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Radipole Lake - BirdForum Opus

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England, Dorset


Within the town of Weymouth in Dorset and close to Lodmoor Reserve, this RSPB reserve consists of a reed-fringed lake, water meadows and areas of dense scrub which once formed the estuary of the River Wey.


Notable Species

Breeding birds include Reed Warbler, Sedge Warbler, Grasshopper Warbler and Cetti's Warbler in the reedbeds, as well as Bearded Tit and Reed Bunting. The scrub has Common Chiffchaff, Willow Warbler and Common Whitethroat and Lesser Whitethroat and there are breeding Great Crested Grebe and Little Grebe, Mallard and Gadwall on the lake.

During passage periods large numbers of migrants pass through the area and in autumn this is one of the best sites for the rare Aquatic Warbler. Other migrants include flocks of hirundines and wagtails which often roost in the reeds.

Unusual waders, terns and gulls are frequently seen in autumn and Spotted Redshank, Wood Sandpiper and Green Sandpiper, Spotted Crake, Black Tern and Mediterranean Gull and Little Gull are regular. Ring-billed Gull is frequently present as is Yellow-legged Gull in autumn and winter.

In winter waterfowl include grebes, Northern Shoveler, Common Pochard and Tufted Duck and Greater Scaup is regularly seen. Most winters, particularly colder ones, bring one or two Great Bittern to Radipole.


Birds you can see here include:

Little Grebe, Great Crested Grebe, Great Cormorant, Great Bittern, Grey Heron, Mute Swan, Common Shelduck, Eurasian Wigeon, Common Teal, Mallard, Gadwall, Northern Pintail, Garganey, Northern Shoveler, Common Pochard, Tufted Duck, Greater Scaup, Common Goldeneye, Eurasian Sparrowhawk, Eurasian Kestrel, Merlin, Northern Hobby, Peregrine Falcon, Water Rail, Spotted Crake, Common Moorhen, Eurasian Coot, Little Ringed Plover, Ringed Plover, Northern Lapwing, Little Stint, Curlew Sandpiper, Dunlin, Ruff, Common Snipe, Eurasian Woodcock, Black-tailed Godwit, Bar-tailed Godwit, Whimbrel, Eurasian Curlew, Spotted Redshank, Common Redshank, Common Greenshank, Green Sandpiper, Wood Sandpiper, Common Sandpiper, Mediterranean Gull, Little Gull, Black-headed Gull, Common Gull, Ring-billed Gull, Lesser Black-backed Gull, Yellow-legged Gull, Herring Gull, Great Black-backed Gull, Common Tern, Little Tern, Black Tern, Common Cuckoo, Common Swift, Common Kingfisher, Eurasian Skylark, Sand Martin, Barn Swallow, Northern House Martin, Meadow Pipit, Yellow Wagtail, Pied Wagtail, Common Nightingale, Whinchat, Northern Wheatear, Eurasian Blackbird, Cetti's Warbler, Common Grasshopper Warbler, Aquatic Warbler, Sedge Warbler, Common Reed Warbler, Lesser Whitethroat, Common Whitethroat, Blackcap, Common Chiffchaff, Willow Warbler, Bearded Tit, Common Magpie, Common Starling, Reed Bunting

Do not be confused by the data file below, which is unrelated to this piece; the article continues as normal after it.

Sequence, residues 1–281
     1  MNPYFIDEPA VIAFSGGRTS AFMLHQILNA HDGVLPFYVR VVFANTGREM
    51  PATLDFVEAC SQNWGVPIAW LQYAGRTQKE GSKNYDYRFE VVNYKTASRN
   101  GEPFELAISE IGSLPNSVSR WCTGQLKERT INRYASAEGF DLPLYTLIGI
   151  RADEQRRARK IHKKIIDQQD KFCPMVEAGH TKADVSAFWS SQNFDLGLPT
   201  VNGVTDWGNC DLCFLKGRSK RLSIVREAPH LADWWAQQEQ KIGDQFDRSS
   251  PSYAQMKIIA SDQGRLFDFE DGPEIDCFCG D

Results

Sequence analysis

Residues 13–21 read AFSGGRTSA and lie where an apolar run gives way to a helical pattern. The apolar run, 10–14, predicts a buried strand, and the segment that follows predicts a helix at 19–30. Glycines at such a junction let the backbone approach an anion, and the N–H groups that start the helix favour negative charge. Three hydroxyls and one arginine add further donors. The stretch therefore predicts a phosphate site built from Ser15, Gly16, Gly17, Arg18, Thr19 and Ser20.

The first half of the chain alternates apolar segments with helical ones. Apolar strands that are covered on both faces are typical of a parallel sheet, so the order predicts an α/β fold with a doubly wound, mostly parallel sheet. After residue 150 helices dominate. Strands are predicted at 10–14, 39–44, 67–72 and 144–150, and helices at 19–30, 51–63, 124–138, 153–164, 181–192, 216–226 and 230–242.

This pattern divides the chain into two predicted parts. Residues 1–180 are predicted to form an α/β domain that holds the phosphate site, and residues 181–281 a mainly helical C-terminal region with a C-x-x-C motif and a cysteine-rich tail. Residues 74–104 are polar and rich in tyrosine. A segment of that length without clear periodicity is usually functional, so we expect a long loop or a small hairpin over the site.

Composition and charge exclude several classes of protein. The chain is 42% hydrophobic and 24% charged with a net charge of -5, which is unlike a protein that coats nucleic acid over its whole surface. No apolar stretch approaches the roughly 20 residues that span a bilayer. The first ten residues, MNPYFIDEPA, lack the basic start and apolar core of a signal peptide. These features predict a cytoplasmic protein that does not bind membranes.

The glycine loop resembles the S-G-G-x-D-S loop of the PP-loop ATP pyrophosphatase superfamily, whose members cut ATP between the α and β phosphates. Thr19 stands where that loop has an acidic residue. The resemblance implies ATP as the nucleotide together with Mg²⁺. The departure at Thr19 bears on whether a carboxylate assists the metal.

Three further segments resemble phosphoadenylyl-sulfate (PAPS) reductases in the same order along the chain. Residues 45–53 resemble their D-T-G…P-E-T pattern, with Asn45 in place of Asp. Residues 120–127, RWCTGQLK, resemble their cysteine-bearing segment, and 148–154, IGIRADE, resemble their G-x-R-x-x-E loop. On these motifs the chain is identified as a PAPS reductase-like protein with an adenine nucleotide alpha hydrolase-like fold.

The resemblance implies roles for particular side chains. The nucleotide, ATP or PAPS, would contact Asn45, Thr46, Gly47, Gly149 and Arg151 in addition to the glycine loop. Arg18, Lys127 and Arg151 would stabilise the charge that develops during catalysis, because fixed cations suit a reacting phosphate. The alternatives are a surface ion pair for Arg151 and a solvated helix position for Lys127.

Other Wildlife

The reserve is of some entomological interest with large numbers of butterflies attracted to the many Buddleia bushes in the reserve and the lake has many dragonflies including Emperor.

Site Information

History and Use

To do

Areas of Interest

A new Family Trail will open from May 2012 to complement the duck-feeding and pond-dipping platforms already in place. It will include new boardwalk trails, viewing platforms, some of them raised to give bird’s eye views into otherwise hidden areas of reedbeds, ditches and open water. There will also be a new storytelling and general recreation/picnic area.’

Access and Facilities

The reserve has an information centre and paths both equipped for disabled visitors as are the three hides. The entrance is beside the Swannery public car-park which is just north of Kings Roundabout, off Radipole Park Drive but the reserve is signposted from Weymouth seafront.

Grid reference: SY671804

NB The Visitor Centre is closed from January to May 2012 for renovations.

Contact Details

Tel: 01305 778313

External Links

Content and images originally posted by Steve


lark o'dell's review

good place to bird defintaly a day job


  • near the sea


  • in a town

teamsaint's review

Radipole Lake is not a great reserve in my opinion. Often there is little to see although the Bearded Tit and Cetti's Warblers usually make it worth a visit.


  • excellent for warblers
  • bearded tit
  • bittern


  • not great for other things

Diver Graham's review

Set in the coastal town of Weymouth a magnificent opportunity to observe migrating and resident birds. Easily accessible and close to amenities.